2. I went there in ’06 with some Embera indians. We drove a rental car from PC. One of the guys knew a bar owner who let us put the car, a small 4×4 SUV, behind a locked gate. We then went by dugout ( had an outboard) up one of the rivers to a native village. We ran for 4 or 5 hours in the dugout. I was there to give them advice about how to manage their timber and how to selectively log without making a mess. If you go, take some simple toys and a couple of soccer balls. I have been to several native villages in Panama and, universally, the children have no toys. Yavisa looks like a dangerous place for gringos, especially if you are solo. But, it’s worth the trip.

  3. I think you got a nice travel blog setup, but I want more detailed information, tips and maps.

    I can’t believe they say Pan American Highway stretches from Alaska to Argentina when it clearly doesn’t, how cool it owuld be to be able to do that! From what I learned, there is no “road”, and no point trying to drive it yourself, personally, I would just drive to Panama Canal, fly to Columbia, rent a car and finish the road, so I can say I drove the longest road ever!

    Darien is one of countless forests that you can see, but has one of the worst hassles/troubles/danger than any other. I would like opinion on whether Darien is worth the hassle and danger. I am talking for none-hardcore explorers and none-Nat Geo shows.

    1. If you are just driving down, turning around and going back, you may not need permission. But to stay in that area for a few days you’ll need to go to the Senafront base in Panama City and give them a letter detailing your plans.

  4. I have read comments by people familiar with the area that building the road through the Darien would enable large scale deforestation in an area of untold biological diversity and density. Also, cattle ranchers in North and Central America fear the spread of diseases from South America.

    Enough of the natural world has been subdued already.

  5. Great Trip! I HAVE DRIVEN TO YAVIZA OVER 40 TIMES! STAYED IN THE ACERDERO “HOTEL”, that the rooming house above the restaurant of the same name. It is on the south side of town (the one concrete circle street). At night after closing the restaurant, they move the tables aside, and we pulled our expedition vehicles inside the restaurant! Hard to sleep with the Raguay band playing below, and the 5 man patrols with M-60 patrolling the one street.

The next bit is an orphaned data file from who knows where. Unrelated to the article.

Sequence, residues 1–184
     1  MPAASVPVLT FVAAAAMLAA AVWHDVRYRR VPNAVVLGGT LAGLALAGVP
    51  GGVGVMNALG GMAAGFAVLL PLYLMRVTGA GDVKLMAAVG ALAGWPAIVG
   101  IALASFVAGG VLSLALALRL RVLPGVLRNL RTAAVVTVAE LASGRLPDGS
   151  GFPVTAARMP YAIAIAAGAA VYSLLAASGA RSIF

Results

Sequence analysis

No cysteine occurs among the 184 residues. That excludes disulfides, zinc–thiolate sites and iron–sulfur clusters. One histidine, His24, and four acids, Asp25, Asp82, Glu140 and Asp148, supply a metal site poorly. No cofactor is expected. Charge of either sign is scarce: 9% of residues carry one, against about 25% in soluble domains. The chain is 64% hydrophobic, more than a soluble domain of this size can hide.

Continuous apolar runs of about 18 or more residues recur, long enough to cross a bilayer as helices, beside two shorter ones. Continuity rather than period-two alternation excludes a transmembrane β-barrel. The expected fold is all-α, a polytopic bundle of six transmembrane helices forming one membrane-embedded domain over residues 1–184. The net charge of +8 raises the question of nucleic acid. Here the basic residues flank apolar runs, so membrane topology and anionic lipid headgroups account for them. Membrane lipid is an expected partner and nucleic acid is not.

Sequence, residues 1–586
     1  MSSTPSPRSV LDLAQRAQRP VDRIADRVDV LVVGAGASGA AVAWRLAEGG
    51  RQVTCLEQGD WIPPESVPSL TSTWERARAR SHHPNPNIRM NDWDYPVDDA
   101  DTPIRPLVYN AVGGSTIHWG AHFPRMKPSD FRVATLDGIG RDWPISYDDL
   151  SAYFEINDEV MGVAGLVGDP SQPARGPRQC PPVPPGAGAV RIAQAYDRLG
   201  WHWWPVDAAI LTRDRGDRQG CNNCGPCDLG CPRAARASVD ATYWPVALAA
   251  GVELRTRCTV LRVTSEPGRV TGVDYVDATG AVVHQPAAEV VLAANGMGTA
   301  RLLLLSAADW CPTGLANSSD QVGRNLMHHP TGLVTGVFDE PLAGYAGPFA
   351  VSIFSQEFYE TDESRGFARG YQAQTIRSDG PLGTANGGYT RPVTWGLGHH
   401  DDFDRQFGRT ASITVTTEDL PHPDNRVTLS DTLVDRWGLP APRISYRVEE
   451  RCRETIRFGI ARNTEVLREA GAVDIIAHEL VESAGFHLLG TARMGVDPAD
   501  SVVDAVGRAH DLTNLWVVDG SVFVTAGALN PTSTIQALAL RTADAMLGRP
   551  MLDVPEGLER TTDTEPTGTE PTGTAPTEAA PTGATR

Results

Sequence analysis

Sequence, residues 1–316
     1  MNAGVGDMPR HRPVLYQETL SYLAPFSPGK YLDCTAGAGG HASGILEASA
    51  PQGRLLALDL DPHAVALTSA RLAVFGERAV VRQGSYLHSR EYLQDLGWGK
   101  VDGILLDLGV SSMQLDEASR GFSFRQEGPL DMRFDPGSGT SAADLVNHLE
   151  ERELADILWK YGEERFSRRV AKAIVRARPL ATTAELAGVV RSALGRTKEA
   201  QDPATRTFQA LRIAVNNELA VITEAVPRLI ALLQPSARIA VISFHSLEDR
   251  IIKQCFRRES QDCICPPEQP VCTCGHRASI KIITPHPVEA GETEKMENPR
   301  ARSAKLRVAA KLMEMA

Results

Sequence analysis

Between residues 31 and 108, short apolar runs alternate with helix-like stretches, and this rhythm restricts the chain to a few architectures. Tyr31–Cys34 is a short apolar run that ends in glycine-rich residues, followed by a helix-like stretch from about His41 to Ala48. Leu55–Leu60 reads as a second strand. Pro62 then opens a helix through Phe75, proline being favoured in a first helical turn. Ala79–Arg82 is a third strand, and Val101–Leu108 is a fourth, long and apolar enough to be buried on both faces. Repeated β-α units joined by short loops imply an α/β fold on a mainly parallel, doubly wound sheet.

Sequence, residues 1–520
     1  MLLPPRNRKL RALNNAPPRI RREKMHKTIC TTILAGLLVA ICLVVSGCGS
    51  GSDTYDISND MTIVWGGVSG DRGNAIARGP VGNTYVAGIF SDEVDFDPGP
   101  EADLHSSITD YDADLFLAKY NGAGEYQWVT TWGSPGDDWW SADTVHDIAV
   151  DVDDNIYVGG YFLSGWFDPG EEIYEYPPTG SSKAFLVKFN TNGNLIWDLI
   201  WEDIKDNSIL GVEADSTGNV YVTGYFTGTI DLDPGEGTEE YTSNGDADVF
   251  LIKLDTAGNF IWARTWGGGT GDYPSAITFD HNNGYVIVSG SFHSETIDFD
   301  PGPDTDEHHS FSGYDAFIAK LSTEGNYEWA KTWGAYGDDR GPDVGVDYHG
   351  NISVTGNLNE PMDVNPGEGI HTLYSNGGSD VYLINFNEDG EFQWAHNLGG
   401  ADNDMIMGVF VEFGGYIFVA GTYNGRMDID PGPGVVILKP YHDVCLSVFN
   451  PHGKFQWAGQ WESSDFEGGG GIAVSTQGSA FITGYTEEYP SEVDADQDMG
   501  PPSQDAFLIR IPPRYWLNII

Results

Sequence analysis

If the road is muddy , we stay at the nude indian village..

    We are leaving on our south america expedition in july 2012 from texas…. http://www.trekamericas.net

    happy travels

  6. Been wondering if we were going to be able to drive our truck down there. Of course we want to hit the end of the road just because it’s there before we ship it down to S America. Hell, we’ve been all the way on the other end up in Deadhorse, Alaska with what I figure should be nearly 135,000 miles in between, we have to do it.

    1. From what I’ve heard, it’s hit or miss with your own car. Sometimes the police will let you through if you plan on coming back the same day. Other times they won’t let you pass. The best thing to do is just get the permission before hand, because it would suck to drive for 5 hours then have to turn around. Email me if you want details.

  7. A town with smugglers, prostitutes and fugitives. That could be any American border town. I do like that bus. No bland two-toned set of wheels. And the air brush work would be just the thing I need for my boat. I’d do it but I can only do stick figures. I don’t have a model either. I’m sure you must know some. They must have references, I have my standards. So, what was wrong with the bus?

  8. Matt,
    Take a look at my article on the Scottish Parliament Building and you will see how the Darien cost Scotland its independence and forced it into union with England.

    When I was in that part of the world, I skirted around the Darien by taking a light plane out to the San Blas Islands and from there by dugout to the mainland.

    I think I mentioned before, but – assuming you are travelling to Colombia, make sure that you arrive at an ‘official’ port of entry or you will get fined when you eventually get somewhere to get an entry stamp.

  9. Oh shit… that is crazy! I still can’t believe you did it. I keep thinking if I could have done that and I think the answer is still no. I would have been crazy pissed about my backpack… damn this is a crazy story. I wanna read more already… what happened next?